On March 1, 2011, the Supreme Court ruled in Federal
Communications Commission v. AT&T Inc., Case No. 09-1279, that corporations
do not have "personal privacy" under Exemption 7(C) to the Freedom of
Information Act ("FOIA"). Exemption 7(C) removes from mandatory
disclosure under FOIA law enforcement records the disclosure of which
"could reasonably be expected to constitute an unwarranted invasion of
The court rejected AT&T's argument that the undefined
phrase "personal privacy" incorporates the statutory definition of
"person," which includes corporations. First, the Court noted that
adjectives do not always have the same meaning as their root nouns, so it does
not follow that "personal privacy" should be given the definition of
"person." The Court then employed the standard rule of construction
that undefined terms in a statute should be given their "ordinary"
meaning. According to the Court, "personal" ordinarily refers to
individuals. In fact, according to the Court, "personal" is commonly
used to mean the precise opposite of corporate or business-related (e.g.,
personal life, personal opinion, personal expense).
The Court also looked to the legislative history of FOIA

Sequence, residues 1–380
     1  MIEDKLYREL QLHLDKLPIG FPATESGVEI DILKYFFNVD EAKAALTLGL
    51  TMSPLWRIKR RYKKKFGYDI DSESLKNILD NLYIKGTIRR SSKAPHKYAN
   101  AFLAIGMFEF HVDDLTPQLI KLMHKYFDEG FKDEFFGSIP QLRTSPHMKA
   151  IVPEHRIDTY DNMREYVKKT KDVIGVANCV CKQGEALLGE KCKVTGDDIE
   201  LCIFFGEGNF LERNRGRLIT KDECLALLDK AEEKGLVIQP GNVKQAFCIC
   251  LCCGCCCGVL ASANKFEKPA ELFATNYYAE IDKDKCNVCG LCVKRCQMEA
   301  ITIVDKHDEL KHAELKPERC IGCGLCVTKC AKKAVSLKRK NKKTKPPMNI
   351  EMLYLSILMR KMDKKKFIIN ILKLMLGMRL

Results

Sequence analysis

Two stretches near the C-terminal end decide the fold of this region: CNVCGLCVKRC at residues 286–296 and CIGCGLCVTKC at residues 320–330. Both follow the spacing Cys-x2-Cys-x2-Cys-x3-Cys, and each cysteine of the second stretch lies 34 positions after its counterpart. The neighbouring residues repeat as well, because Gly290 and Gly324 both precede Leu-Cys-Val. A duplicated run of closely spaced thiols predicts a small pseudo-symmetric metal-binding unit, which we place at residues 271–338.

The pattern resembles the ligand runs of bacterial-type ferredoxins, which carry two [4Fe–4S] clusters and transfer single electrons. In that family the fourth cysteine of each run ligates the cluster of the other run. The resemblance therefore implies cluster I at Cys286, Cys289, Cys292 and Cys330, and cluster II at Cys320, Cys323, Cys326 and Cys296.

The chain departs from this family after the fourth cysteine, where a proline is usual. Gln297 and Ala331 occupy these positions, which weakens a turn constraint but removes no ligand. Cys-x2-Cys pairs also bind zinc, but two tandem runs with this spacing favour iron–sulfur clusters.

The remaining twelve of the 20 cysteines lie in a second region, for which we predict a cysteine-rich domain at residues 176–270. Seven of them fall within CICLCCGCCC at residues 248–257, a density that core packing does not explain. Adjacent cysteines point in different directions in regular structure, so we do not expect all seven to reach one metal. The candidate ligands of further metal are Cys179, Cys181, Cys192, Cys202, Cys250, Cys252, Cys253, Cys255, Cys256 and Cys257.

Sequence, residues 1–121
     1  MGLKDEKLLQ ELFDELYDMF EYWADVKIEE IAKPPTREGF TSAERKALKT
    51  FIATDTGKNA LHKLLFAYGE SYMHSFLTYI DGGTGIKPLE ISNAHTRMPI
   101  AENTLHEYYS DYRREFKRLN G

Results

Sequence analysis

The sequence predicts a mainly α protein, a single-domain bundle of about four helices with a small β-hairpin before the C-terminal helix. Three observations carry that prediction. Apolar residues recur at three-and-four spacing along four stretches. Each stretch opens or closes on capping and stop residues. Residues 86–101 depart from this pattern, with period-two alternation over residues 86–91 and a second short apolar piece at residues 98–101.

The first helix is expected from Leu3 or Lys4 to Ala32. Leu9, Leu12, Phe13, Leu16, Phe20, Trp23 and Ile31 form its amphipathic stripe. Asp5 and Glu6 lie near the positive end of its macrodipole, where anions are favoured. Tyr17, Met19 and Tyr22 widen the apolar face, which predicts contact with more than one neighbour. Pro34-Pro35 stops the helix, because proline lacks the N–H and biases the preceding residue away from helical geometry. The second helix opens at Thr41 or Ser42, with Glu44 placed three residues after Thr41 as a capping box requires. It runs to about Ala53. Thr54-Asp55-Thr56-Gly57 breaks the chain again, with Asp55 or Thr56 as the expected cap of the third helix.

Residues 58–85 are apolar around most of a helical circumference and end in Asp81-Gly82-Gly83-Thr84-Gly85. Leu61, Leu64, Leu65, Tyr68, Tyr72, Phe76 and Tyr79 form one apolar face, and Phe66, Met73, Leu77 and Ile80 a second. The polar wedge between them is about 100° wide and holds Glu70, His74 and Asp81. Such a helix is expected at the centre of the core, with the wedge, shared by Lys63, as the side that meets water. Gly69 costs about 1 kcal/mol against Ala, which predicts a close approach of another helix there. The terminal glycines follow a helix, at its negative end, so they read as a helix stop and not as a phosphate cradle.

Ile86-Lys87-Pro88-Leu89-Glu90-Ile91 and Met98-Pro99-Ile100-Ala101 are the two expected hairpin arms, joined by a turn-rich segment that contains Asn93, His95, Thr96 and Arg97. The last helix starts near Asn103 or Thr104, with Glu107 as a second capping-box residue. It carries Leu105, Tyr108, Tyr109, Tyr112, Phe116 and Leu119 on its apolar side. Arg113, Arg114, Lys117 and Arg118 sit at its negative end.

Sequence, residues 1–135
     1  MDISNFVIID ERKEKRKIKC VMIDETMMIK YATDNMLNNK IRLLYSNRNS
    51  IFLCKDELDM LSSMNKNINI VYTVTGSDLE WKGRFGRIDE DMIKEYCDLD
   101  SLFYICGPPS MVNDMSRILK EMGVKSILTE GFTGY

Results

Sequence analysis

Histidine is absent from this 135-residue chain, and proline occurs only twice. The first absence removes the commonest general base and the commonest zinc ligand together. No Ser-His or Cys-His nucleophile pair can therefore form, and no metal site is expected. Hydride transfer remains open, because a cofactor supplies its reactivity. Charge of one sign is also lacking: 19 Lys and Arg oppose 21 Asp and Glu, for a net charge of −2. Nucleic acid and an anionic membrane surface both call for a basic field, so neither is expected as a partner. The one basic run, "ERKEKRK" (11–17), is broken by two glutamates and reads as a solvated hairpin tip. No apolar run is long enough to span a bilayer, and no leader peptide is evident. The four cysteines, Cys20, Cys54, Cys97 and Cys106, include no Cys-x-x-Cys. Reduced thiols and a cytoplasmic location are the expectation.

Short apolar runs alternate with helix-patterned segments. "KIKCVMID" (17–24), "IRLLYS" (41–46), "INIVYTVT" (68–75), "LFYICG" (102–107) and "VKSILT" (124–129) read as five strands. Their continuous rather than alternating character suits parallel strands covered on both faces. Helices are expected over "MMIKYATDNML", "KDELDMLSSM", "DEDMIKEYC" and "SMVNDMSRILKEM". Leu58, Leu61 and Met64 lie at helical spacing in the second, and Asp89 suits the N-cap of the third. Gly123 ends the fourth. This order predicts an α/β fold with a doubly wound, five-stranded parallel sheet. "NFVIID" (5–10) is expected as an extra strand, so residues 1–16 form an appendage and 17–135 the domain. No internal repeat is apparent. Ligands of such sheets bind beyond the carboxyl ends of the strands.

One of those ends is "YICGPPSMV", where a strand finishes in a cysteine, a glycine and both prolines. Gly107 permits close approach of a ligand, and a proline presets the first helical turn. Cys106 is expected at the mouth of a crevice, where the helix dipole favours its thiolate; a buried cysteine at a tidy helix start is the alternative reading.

to support its ruling. When Exemption 7(C) was enacted, two other exemptions
already existed in FOIA -- Exemptions 4 and 6. Exemption 4 uses the word
"person" and protects trade secrets and commercial or financial
information, all of which apply to corporate activity. Exemption 6, however,
uses the phrase "personal privacy" and protects personnel and medical
records. The Court has regularly referred to Exemption 6 as concerning an
individual's right of privacy. The Court found persuasive the fact that
Congress tracked the language of Exemption 6 when drafting Exemption 7(C). The
Court also considered the general understanding among judges and legal scholars
at the time Exemption 7(C) was enacted that the concept of "personal
privacy" did not apply to corporations.
This ruling will continue to require disclosure under
FOIA of corporate documents produced pursuant to Department of Labor
("DOL") investigations. We recommend that employers take all
reasonable steps to protect sensitive information prior to producing documents
to DOL or other government agencies. Such actions should include redacting or
withholding confidential, privileged or trade-secret information or marking
documents as exempt from disclosure under other applicable FOIA exemptions,
such as Exemption 4.
For more information about this case and other labor and
employment law issues please contact Mary Pivec at email@example.com or Manesh Rath at firstname.lastname@example.org.
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